Each year hundreds, if not thousands, of people and families flock to the zoos all around the country to view animals they’ll never see in the wild. From tigers to elephants, the zoos of the world are packed with a menagerie of critters on display for the world to see.
However, there are many people that boycott the zoo and never take their children there. Why would you prohibit your child from the fun and joy of seeing a lioness lick her paws or penguins taking a swim? Here are five reasons why it’s be better for you to show your child pictures and videos of these animals in the wild instead of caged representations of them at the zoo.
For a lot of animals, the space they are given to roam in zoos just aren’t enough. While not all zoos are the same, recent news is out that some of the zoos that have smaller spaces for their elephants are making some changes. The Oregon Zoo is building a new space for their oldest, most famous elephant, Packy. This change in layout is following the euthanization of Rama, Packy’s son, who was put down due to leg and foot injuries – all due to captivity.
While the part of the zoo you see when you take a stroll may seem clean and spacious, most of the zoo animals spend night inside small cages where they may have to sleep in their own excrement, until the morning when they are released back into their daytime enclosure and cleaning commences. Trash is blown or even thrown into exhibits regularly which can be a major health hazard.
Zoos notoriously offer bad habitats for animals to live in. Animals used to a hot temperatures with dry air all year are forced to live in a zoo where there are frigid winters where they’ll have issues. The same goes for animals used to living in frigid temperatures being forced to endure 80 degree temperatures and higher while kids gawk at them behind fences.
A zoo can seem like the safest place on earth when you look at all the fencing. However, safety precautions for both the animals and humans aren’t always proficient. When animals escape from the zoo, they are often hunted down and killed because they could pose a danger to society. However, if they were left to live in the wild, they’d be less likely to even go near populated areas.
You may buy into the fact that zoos are essentially animal sanctuaries where sick animals are nursed back to health and then kept to live long and happy lives. Many animals, including elephants, die at far younger ages in the zoo than they would if they lived in the wild where they belong. Perhaps you have seen animal activists outside zoos, similar to Free the Oregon Zoo Elephants, protesting the elephant breeding that furthers the abuse to continued generations. Famed actress, comedian, producer and advocate, Lily Tomlin, even wrote to the Oregon Zoo about retiring Packy to a real elephant sanctuary.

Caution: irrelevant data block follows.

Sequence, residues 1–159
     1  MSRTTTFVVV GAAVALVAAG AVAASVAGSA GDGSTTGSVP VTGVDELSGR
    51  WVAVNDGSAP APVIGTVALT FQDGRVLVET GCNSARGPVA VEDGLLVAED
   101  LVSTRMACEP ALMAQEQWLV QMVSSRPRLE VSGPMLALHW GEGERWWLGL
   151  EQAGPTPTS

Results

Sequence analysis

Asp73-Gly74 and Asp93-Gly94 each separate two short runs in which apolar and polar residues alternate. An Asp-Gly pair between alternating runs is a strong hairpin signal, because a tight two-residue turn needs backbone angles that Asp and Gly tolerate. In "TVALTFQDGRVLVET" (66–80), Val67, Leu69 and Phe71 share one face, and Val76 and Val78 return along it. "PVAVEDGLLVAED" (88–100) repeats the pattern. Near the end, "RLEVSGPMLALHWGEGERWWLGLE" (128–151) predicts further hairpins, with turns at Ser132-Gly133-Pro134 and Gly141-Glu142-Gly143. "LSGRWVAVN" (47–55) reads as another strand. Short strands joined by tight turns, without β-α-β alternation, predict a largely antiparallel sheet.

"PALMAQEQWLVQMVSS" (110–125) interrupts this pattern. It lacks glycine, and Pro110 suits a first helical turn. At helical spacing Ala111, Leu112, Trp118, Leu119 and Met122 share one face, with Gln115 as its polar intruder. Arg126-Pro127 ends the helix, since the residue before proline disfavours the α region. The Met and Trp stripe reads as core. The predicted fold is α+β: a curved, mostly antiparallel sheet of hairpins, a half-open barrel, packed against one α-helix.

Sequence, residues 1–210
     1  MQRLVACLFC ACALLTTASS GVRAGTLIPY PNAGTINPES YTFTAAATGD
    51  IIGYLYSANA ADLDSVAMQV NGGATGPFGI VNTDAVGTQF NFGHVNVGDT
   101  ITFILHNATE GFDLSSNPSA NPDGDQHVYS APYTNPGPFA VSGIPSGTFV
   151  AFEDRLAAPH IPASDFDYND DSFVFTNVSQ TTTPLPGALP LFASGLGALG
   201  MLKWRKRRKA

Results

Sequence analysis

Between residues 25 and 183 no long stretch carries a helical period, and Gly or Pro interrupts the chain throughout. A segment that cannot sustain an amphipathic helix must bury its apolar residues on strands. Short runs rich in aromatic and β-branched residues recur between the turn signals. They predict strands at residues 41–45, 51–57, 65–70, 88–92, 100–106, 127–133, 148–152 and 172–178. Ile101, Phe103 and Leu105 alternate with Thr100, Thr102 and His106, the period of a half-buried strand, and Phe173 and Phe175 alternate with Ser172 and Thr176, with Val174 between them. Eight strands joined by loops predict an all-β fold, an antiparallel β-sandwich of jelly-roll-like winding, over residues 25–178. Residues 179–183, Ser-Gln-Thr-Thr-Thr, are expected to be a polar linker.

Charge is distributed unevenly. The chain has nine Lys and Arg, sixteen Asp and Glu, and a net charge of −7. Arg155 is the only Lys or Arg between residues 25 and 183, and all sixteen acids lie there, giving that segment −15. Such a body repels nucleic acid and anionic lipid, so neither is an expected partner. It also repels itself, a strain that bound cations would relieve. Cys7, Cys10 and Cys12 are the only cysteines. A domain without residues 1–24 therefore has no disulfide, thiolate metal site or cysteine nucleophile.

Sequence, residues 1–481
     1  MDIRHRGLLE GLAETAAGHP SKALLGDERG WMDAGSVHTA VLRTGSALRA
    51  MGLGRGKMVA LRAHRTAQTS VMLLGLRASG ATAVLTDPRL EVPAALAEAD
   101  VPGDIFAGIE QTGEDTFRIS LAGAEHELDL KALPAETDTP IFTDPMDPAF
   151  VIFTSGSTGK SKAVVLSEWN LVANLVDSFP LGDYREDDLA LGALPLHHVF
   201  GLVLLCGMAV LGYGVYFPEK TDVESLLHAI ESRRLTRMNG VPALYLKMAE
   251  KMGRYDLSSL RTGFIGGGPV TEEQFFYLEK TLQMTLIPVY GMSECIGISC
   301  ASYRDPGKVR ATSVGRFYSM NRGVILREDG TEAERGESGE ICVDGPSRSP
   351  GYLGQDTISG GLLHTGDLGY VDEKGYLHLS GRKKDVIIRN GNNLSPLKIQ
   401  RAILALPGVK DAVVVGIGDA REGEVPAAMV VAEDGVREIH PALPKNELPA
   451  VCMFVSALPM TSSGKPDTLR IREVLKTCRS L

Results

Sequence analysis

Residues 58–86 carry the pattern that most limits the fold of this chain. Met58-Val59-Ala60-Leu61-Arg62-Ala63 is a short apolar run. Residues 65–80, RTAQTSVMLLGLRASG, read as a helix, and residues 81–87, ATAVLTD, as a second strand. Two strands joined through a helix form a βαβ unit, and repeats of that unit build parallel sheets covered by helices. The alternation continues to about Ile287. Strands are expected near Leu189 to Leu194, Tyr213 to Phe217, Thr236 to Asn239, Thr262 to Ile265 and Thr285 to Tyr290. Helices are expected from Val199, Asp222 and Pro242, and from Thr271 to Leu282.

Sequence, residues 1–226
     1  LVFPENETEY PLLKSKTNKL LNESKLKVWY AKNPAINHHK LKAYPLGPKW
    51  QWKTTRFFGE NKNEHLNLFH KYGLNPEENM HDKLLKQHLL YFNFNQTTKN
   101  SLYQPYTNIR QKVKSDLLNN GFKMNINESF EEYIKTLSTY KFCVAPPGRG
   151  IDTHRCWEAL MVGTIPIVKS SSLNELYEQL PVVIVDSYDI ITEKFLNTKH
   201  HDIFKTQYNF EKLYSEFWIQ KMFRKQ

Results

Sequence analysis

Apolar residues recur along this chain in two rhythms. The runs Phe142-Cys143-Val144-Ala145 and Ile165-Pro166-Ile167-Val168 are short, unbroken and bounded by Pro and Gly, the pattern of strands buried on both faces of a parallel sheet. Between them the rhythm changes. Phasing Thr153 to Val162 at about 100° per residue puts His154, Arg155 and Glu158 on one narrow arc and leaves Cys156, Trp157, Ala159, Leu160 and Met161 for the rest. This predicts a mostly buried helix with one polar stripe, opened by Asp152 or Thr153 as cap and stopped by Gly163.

A recent investigation sparked by activists, Koin 6 News exposed the Oregon Zoo’s lies concerning each elephant’s medical records (which are now available to the public through Koin’s website). There is a surplus of evidence documenting previously refuted animal ailments, all due to the conditions the elephants have to put up with. There are multiple videos of the intelligent beings bobbing their heads, which is stereotypically anxious behavior of elephants chained and confined for extended periods of time, unable to achieve the exercise they’re born for. The zoo denied ever using chains and ailments, despite pictures exhibiting awful physical conditions, including abscesses and lesions on his body and feet, which Packy’s recently deceased son, Rama, was put down for. Additionally, Packy suffered from both anemia and tuberculosis, which lead to an over 500 pound weight loss. The Oregon Zoo has a history of putting elephants down due to mere leg infections and arthritis. Obviously, these kind of atrocities towards zoo animals happen all over the world in varying conditions. But overall, it’s not hard to see that animals in zoos live miserable, confined lives that threaten their health. It’s abuse. And the people who take care of them aren’t nearly as trustworthy as we all grew up thinking.
If you took some time to do some research you could probably find some good things that zoos do. But take that info with a grain of salt, because the facts are: the bad will outweigh the good. Don’t support zoos.